Metro Eastside Gold Line Alignments Finalized Before Environmental Studies
Yesterday, Metro’s Planning and Programming Committee approved final project definitions for a future Eastside Gold Line extension. If approved by the full board next week, the project moves forward into procuring a consultant to do environmental clearance studies.
The Eastside Gold Line extensions are funded in the Measure M expenditure plan with two phases:
- $534 million for a phase planned to break ground in 2029 and open in 2035
- $2.89 billion for a phase planned to break ground in 2053 and open in 2057
In the somewhat less-flushly-funded times before the passage of Measure M, there had been a fair amount of competition between communities pushing for the Washington Boulevard alternative vs. the 60 Freeway route. The upcoming environmental clearance studies will include three alternatives: Washington, the 60 Freeway, or both combined. It appears that, ultimately, the project will probably include both alignments, though they may be built together, or there may be jockeying as to which segment proceeds first.
At yesterday’s committee meeting, Metro staff reported that the combined alternatives were feasible together as a Y-shaped project, with a 3-way junction near the current Atlantic Boulevard Station. Staff were optimistic that Measure M funding, combined with other sources, could be sufficient to build the entire Y, currently estimated to cost roughly $6 billion.
The southern “Washington Boulevard” alignment goes through unincorporated East L.A., the cities of Montebello, Commerce, Pico Rivera, and Santa Fe Springs to a terminus in Whittier. Metro had initially proposed elevated tracks to connect from the current Gold Line 3rd Street terminus down to Washington Boulevard. Various elevated rail proposals were unpopular, and now the plan is to run the line as a nearly 3-mile long light rail subway under Atlantic Boulevard. Along Washington Boulevard, the line will run partially aerial and partially at grade.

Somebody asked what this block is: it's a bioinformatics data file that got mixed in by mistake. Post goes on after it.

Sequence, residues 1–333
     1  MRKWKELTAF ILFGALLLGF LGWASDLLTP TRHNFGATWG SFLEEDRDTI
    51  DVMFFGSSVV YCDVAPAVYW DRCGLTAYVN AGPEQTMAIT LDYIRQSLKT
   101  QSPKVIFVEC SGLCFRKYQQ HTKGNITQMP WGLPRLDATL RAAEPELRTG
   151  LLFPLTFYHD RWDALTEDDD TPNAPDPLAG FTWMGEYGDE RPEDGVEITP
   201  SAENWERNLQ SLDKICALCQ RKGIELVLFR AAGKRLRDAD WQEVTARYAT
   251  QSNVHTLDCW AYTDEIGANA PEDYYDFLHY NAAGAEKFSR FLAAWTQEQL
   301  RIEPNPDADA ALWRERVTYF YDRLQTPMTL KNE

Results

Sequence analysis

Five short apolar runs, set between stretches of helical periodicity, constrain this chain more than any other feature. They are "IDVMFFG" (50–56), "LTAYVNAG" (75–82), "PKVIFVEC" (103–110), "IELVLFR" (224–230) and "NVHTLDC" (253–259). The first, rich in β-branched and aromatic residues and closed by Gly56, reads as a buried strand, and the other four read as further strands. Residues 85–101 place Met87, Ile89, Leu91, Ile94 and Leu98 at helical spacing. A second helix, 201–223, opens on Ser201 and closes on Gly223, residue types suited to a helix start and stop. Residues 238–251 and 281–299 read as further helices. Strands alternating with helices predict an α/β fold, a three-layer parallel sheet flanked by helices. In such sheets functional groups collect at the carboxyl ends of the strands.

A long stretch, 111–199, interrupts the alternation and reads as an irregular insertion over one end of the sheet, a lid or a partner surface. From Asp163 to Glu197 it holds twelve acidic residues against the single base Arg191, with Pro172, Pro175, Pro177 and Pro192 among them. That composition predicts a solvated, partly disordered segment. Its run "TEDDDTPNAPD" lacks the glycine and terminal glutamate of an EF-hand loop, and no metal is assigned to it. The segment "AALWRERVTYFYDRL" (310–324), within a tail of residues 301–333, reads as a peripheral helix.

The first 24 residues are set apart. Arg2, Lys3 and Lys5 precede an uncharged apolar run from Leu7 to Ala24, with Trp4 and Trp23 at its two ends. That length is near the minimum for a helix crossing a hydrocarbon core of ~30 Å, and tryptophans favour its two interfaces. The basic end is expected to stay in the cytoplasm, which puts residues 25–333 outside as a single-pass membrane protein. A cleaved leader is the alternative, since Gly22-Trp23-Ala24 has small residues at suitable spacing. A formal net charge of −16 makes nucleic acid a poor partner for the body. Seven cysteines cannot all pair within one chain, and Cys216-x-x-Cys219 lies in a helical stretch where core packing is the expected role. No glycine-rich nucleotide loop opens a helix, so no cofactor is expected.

The northern leg parallels the 60 Freeway through Montebello and Monterey Park to a terminus in South El Monte. For the most part, the train would run on an aerial structure immediately south of the freeway.
Unfortunately for the ease and cost of the project, there is a big toxic landfill site – the Operating Industries Inc. Landfill – located immediately south of the freeway in Monterey Park. In order to avoid dealing with toxins at the landfill site, Metro’s aerial train structures will fly over the freeway, then back. This jog has the city of Monterey Park now interested in an additional Gold Line station to serve the planned and partially-under construction Monterey Park Marketplace shopping center.
Though the 60 Freeway route brings additional cities, communities, destinations, and large parks into the Metro system, as the route parallels the freeway, the places it serves tend to be quite dominated by car-centric development patterns.
For additional details on this project, including upcoming meetings, see Metro’s Eastside Transit Corridor Phase 2 project page.